politicalunionbasedupontheinfluxofprimarilywhiteeasternimmigrants,evenatthe

costofthosealreadyinhabitingtheregion.AtYosemite,CarletonWatkinshad

photographedtheSierralandscapesforaStatesponsoredexpeditionledbyJosiah

DwightWhitneyaftertheareahadbeensetasideforpublicrecreationandusebythe

CivilWarCongressof1864.Oneofthechiefproductsofthatsurveyandits

photographicallyillustratedreport,TheYosemiteBook(1868),wasthemetaphorofthe

valleyasoneofthewildanduniquenaturalwonders,aplacetowhichEasterntourists

shouldcometohavetheirspiritsrenewed(seeFigure136).Becauseitwasatadistance

fromanyurbanareas,itheldoutthepromiseofbecominganattractionwithoutthe

commercialismthathadovertakenNiagaraFalls.Possessionofthevalley,however,

presupposedthesuccessfulremovalofnativeinhabitantswhoatonetimenumberedas

manyasfourhundredandfifty.16TheYosemitearea,intheyearafteritsdiscoveryby

whites,18511852,wasforciblyrendereduninhabited.InWhitneyssurveynarrative,

theexpulsionofAmericanIndiansisjustifiedbecauseofconflictswithwhitecultureand

aperceptionthatwhiteprogresswasinevitable.InWhitneysrendition,thebadIndians

arekilledorexiled,whilethegoodIndianassiststheexpeditionteamandisrewarded

withatopographicalappellationandacaptiontoaphotograph:photograph:

ThewhiteslivingonthestreamswhichheadinthevicinityoftheYosemitehad,in1850,

foundthemselvesunabletoliveinpeacewiththefewscatteredIndiansinthatregion,

andaftersomemurdersandmuchtrouble,amilitarycompanywasformedtodrivethem

outofthecountry.Inthecourseoftheskirmishingandfightingwhichtookplace,itwas
Wickliff22

ascertainedthattheIndianshadastrongholdorretreatfarupinthemountains,inwhich

theythoughttheycouldtakerefuge,andremainwithouttheslightestdangerofbeing

found.ThisplaceofrefugewastheYosemitevalley,andthiswasthewayitfirstcame

tobeheardofbywhitepeople....UndertheguidanceofanoldchiefnamedTenaya,

whonameisperpetuatedinthebeautifullakewhichliesbetweenMt.Hoffmannand

CathedralPeak,andinthebranchoftheMercedriverheadinginthatlake(seePlate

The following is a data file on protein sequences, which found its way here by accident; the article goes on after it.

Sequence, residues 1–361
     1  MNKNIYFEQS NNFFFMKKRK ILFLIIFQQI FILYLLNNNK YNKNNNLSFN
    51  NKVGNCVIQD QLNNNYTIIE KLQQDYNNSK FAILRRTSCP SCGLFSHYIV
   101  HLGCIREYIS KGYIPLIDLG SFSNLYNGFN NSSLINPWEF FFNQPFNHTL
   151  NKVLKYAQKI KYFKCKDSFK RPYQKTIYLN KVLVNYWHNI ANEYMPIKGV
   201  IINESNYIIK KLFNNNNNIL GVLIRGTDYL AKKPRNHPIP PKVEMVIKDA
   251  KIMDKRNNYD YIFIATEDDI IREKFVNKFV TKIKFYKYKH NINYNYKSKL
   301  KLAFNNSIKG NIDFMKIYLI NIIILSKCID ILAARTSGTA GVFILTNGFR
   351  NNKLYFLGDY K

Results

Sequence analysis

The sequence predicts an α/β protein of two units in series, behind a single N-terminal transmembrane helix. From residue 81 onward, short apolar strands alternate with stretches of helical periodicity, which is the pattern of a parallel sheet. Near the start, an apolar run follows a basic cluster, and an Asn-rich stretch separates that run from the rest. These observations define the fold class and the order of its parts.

XXVI)thepartyreachedtheValley,droveouttheIndians,killedafew,andmade

peacewiththerest....[Now]thenumberofIndiansactuallyandpermanentlyresident

inandabouttheYosemiteortheMariposaGroveisverysmall.Liketherestoftheso

calleddiggersinCalifornia,theyareamiserable,degradedandfastdisappearingsetof

beings,whomustdieoutbeforetheprogressofthewhitemanscivilization,andfor

whomthereisneitherhopenorchance17

Inthecaptionsfortheimagesandinthenamesforgeologicalfeaturesprintedon

topographicmaps,governmentallinguisticchoices,howeverodd,carriedtheday.

Examplesarenumerous.ToquoteStephenPowersintheTribesofCalifornia

(California(1877),avolumeofJohnWesleyPowellsContributionstoNorthAmerican

Ethnology,anditselfpartoftheU.S.GeographicalandGeologicalSurveyoftheRocky

MountainRegion:

InthefirstplacetheaboriginesneverknewofanysuchlocalityasYosemiteValley.

Second,thereisnotnowandtherehasnotbeenanythinginthevalleywhichtheycall

Yosemite.Third,theynevercalledOldEphraimhimselfYosemite,noristhereany

suchwordintheMiwoklanguage....Thevalleyhasalwaysbeenknowntothem,and

istothisday,whenspeakingamongthemselves,asAwani.ThewordYosemiteis

simplyaverybeautifulandsonorouscorruptionofthewordforgrizzlybear....
Wickliff23

ProfessorWhitneyandMr.Hutchings,intheirrespectiveguidebooks,statethatthey

derivedtheircataloguesofIndiannamesfromwhitemen.TheIndianscertainlyhavea

righttobeheardinthisdepartmentatleast;andwhentheydifferfromtheinterpreters

everyrightthinkingmanwillacceptthestatementofanintelligentaborigineasagainsta

scoreofAmericans.18

Tutokanula,whichbecamethewhitetopographersElCapitan,wasrenderedby

Whitneyasanimitationofthecryofthecrane,,butthenamewastranslatedbyPowers

asthemeasuringwormstone.19AccordingtoPowers,thisimagefigurescentrallyina

triballegendofhowtwosleepingboyswerecarriedintotheskybytheverticallyrising

stoneandthenwererescued,notbytheleapsofthemouse,therat,theraccoon,thebear,

orthelion,butbytheverticalascentofaninsignificantmeasuringworm,whicheven

themousecouldhavecrushedbytreadingonit20.Inanotherlegend,afteralongdry

journey,awife,Tisseyak,andhusband,Tokoye,cameuponthevalley,thewoman

comingfirsttothelakeAwaia.Shedrankthelakedrybeforeherhusbandarrived.In

anger,hebeatherwithhisstaff,andthensheweptandflungherbasketathim:

Soitbefellthat,evenwhiletheywereinthisattitude,onestandingoveragainsttheother,

facing,theywereturnedtostonefortheirwickedness,andtheretheyhaveremainedto

thisday.Thebasketliesupturnedbesidethehusband,whilethewomansfaceistear

stainedwithlongdarklinestrailingdown.